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Database of Abstracts of Reviews of Effects (DARE): Quality-assessed Reviews [Internet]. York (UK): Centre for Reviews and Dissemination (UK); 1995-.

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Database of Abstracts of Reviews of Effects (DARE): Quality-assessed Reviews [Internet].

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Evaluation of echinacea for the prevention and treatment of the common cold: a meta-analysis

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Review published: .

CRD summary

This review of randomised trials found that treatment with echinacea significantly reduced cold incidence and duration compared with placebo. The review had some potential limitations (the possibility of missed studies and possible bias in the study selection process) but, overall, the authors' conclusions and recommendations for further research are in line with the evidence presented and appear reliable.

Authors' objectives

To evaluate the effect of echinacea on the incidence and duration of the common cold.

Searching

MEDLINE (to April 2006), CINAHL (to April 2005), Web of Science (to April 2006) and the Cochrane Database of Systematic Reviews (to December 2005) were searched; the search terms were reported. References in the echinacea monograph of the Natural Medicines Comprehensive Database and in relevant primary and review articles were also screened.

Study selection

Randomised placebo-controlled trials of echinacea-containing products in the prevention and/or treatment of the common cold were eligible. Trials were required to report on either cold incidence or duration. The included studies evaluated a range of echinacea products including the commercial products Echinacin and Echinaguard. The duration of treatment ranged from the duration of the cold to 12 weeks. Participants in some studies took vitamin C or other supplements during treatment. The majority of studies involved natural cold exposure but some participants were inoculated with rhinovirus 39 or rhinovirus 23, in which case treatment with echinacea or placebo began before inoculation. Most of the included studies did not report the participants' age, but some studies were restricted to children.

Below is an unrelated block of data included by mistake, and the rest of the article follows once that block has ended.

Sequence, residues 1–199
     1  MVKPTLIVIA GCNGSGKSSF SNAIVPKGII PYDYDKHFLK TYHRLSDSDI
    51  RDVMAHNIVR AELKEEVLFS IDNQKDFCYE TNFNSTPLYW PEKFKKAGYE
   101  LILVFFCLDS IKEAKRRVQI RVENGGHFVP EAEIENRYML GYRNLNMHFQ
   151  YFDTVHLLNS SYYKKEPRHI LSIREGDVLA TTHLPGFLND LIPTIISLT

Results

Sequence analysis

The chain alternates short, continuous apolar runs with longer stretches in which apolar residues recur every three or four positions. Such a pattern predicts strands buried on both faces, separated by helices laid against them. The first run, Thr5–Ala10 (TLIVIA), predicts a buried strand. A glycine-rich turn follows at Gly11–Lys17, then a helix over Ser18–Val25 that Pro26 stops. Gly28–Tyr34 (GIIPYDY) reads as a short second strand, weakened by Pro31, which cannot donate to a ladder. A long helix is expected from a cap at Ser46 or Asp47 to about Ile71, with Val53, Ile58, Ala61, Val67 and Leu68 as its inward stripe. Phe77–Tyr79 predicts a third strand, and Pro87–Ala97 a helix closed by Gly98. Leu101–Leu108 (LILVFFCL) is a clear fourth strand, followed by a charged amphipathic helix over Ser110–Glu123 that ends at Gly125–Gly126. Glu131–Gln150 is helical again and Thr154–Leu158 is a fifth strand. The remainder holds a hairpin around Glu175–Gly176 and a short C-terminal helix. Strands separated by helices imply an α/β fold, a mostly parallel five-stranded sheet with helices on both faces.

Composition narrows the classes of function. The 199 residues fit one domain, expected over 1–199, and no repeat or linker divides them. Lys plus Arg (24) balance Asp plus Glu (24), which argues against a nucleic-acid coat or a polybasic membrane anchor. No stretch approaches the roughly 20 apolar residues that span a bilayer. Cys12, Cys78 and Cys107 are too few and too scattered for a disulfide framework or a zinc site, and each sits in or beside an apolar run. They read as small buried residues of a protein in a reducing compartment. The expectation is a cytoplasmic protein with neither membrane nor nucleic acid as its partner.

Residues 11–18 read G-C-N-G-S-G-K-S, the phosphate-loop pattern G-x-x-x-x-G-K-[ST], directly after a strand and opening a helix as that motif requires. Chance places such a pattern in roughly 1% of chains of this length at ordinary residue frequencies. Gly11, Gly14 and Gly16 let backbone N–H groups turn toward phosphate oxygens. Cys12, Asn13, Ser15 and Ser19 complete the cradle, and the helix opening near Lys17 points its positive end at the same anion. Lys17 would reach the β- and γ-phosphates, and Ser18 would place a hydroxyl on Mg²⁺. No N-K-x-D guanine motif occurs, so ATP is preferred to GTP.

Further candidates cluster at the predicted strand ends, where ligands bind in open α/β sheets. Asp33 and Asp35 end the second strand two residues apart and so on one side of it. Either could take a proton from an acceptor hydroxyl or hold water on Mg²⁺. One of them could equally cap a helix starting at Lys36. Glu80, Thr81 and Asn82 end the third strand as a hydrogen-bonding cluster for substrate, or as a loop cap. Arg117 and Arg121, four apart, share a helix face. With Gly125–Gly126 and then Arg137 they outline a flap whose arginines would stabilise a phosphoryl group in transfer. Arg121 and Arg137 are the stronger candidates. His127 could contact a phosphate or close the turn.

The authors did not state how the papers were selected for the review, or how many reviewers performed the selection.

Assessment of study quality

Studies were assessed for randomisation, allocation concealment, blinding and handling of withdrawals. Jadad scores (ranging from 1 to 5) were calculated.

Three independent reviewers evaluated the studies, with any disagreements resolved by consensus.

Data extraction

For cold incidence, data on the number of colds in each group were used to derive an odds ratio (OR) with 95% confidence interval (CI); the risk difference between treatment groups was also calculated. Data on mean cold duration and its standard deviation were used to calculate the mean difference between treatment groups.

Three independent reviewers extracted the data using a standardised data extraction tool.

Methods of synthesis

Pooled ORs and weighted mean differences (WMDs) were calculated, along with 95% CIs, using a random-effects model (DerSimonian and Laird). Statistical heterogeneity was assessed using the Q statistic (p<0.1 considered significant). Heterogeneity was also assessed by visual inspection of L'Abbe plots. Subgroup analyses were conducted to assess sources of clinical heterogeneity, including concomitant treatments, type of echinacea product and type of cold exposure (natural or inoculation). Sensitivity analyses involved excluding studies of weaker methodology (Jadad score less than 3) and using a fixed-effect (Mantel Haenszel) meta-analysis. The risk of publication bias was assessed by Egger's weighted regression method and visual inspection of funnel plots.